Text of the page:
Hot Press Editor Niall Stokes Awarded Honorary Doctorate
Niall Stokes, the long-standing editor of Hot Press music magazine, has been awarded the honorary degree of Doctor of the University by the Open University in Ireland. The ceremony took place yesterday (8 June) at Croke Park.
Stokes received the honour for his contribution to Irish cultural and political life over four decades. Hot Press celebrates 45 years in 2022, and marked its thousandth issue in 2019, and Stokes has been at the helm of the publication since its inception.
Commenting on the honorary degree, Stokes said:
I am profoundly grateful for the unique recognition which this honour represents, of what we have achieved in Hot Press since the magazine was launched in 1977 – and of the contribution which all the people who worked for Hot Press over the years have made, individually and collectively, to Irish music, to Irish culture and to Irish society. It feels especially appropriate, coming from the Open University, a wonderfully idealistic organisation which was founded back in 1969 with the specific mission of democratising third-level education, and making it accessible to all, irrespective of gender, class, age, creed or race. Long may it continue to thrive, with its enlightened, egalitarian mission.
Born in Dublin, Stokes studied English and History at University College Dublin before pursuing a career as a musician and songwriter. After working as a freelance journalist with the Sunday Independent and other newspapers, he became editor of Scene magazine in 1976 and brought together writers such as Máirín Sheehy, Bill Graham and Julian Vignoles. With the arrival of punk rock, pirate radio, large open-air concerts and a DIY spirit, Stokes and Sheehy decided to leave Scene and launched Hot Press. The first issue appeared 45 years ago today on 9 June 1977. The inaugural cover featured Rory Gallagher.
Hot Press has been a major advocate of Irish music in the years since, and a launch pad for many artists. The magazine championed U2 from early on in the band’s history, and also featured artists such as The Boomtown Rats, Sinéad O’Connor, Snow Patrol, The Script and more. Stokes has also become a curator of the legacy of Phil Lynott of Thin Lizzy, producing and directing an exhibition and writing books on the singer’s life and work.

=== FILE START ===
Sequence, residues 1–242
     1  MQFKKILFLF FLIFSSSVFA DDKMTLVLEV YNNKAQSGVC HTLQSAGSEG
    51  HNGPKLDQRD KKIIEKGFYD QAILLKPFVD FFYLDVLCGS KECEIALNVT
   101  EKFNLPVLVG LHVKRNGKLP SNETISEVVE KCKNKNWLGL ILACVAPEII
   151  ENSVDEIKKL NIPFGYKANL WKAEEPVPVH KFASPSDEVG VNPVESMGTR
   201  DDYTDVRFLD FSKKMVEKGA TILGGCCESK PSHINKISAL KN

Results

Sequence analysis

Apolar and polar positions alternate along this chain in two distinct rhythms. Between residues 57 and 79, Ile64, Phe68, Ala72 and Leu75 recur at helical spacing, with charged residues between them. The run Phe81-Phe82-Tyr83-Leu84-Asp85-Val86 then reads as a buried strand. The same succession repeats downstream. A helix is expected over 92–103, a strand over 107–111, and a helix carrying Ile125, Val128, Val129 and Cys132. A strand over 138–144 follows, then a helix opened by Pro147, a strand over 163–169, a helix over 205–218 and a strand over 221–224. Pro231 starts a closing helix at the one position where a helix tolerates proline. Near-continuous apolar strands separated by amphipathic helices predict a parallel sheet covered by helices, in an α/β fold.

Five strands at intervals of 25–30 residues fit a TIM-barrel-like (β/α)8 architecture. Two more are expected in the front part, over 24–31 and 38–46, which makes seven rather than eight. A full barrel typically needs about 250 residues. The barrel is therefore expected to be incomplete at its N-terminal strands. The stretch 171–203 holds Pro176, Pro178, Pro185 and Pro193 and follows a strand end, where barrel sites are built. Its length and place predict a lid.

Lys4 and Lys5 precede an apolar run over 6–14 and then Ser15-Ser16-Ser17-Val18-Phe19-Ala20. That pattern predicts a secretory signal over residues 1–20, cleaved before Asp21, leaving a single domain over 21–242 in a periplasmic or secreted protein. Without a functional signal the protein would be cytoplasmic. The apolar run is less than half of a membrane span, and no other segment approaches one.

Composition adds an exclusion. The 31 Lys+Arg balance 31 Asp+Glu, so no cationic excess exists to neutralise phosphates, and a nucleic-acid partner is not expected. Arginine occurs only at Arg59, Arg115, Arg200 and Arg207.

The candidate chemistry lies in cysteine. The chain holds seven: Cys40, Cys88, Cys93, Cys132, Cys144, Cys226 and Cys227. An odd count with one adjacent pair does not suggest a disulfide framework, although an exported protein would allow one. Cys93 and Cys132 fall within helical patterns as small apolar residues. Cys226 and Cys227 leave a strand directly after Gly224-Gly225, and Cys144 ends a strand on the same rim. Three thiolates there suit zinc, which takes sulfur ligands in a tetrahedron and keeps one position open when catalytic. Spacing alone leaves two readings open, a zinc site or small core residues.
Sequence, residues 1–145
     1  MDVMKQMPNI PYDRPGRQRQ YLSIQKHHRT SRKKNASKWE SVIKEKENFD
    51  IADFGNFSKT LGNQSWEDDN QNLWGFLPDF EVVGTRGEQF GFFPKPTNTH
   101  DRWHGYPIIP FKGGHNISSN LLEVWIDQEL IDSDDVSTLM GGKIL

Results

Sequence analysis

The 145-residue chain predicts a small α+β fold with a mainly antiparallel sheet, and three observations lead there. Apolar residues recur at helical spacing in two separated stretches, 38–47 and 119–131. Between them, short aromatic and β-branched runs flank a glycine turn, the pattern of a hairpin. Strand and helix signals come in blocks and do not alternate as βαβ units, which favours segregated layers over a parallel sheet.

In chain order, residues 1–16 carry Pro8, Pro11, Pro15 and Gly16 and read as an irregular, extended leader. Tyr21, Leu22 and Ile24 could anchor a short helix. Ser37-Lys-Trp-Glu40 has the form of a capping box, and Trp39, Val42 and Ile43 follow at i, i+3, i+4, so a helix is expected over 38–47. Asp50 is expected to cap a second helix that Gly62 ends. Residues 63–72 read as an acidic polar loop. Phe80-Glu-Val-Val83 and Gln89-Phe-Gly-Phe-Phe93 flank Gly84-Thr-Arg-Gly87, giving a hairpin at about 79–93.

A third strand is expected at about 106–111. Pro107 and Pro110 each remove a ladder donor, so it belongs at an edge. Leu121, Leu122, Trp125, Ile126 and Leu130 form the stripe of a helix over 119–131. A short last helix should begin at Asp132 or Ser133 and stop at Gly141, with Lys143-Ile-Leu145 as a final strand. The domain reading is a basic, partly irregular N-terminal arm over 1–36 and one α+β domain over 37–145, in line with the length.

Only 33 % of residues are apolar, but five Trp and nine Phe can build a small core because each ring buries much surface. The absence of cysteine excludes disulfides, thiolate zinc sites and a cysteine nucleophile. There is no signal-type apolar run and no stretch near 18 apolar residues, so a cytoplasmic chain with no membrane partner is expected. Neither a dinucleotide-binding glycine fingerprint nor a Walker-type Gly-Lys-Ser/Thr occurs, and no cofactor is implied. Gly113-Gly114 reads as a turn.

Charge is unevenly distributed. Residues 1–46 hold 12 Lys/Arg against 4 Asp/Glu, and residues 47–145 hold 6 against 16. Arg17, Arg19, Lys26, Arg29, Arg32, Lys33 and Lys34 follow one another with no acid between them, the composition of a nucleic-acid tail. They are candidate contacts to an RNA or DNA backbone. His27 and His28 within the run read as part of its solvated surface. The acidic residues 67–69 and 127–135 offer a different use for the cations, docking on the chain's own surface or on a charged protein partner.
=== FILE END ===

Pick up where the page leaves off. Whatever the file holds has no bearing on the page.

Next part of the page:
The magazine has also been a campaigning voice in Irish society across many political and social issues, promoting causes such as the availability of contraception, gay marriage, and the repeal of the eighth amendment on abortion.
Among the contributors to the magazine have been Jackie Hayden, Stuart Clark, Michael D. Higgins, Olaf Tyaransen, Oliver Sweeney, John Waters, Liam Fay, Arthur Mathews, Niall Stanage, Liam Mackey, Sarah McQuaid, Dermot Stokes, Roisin Dwyer, Declan Lynch, and Anne Sexton.
John D’Arcy, Director of the Open University in Ireland, said:
Niall’s pioneering approach to journalism has provided a unique showcase for some of Ireland’s most significant musicians, writers and commentators of the past few decades. Thanks to Niall’s leadership, Hot Press magazine remains as relevant and vibrant as ever, attracting new generations of readers, and acting not just as a witness but a driver in the transformation of Ireland over recent decades. It is a pleasure for the Open University in Ireland to honour Niall’s unique and essential role in Irish cultural and political life.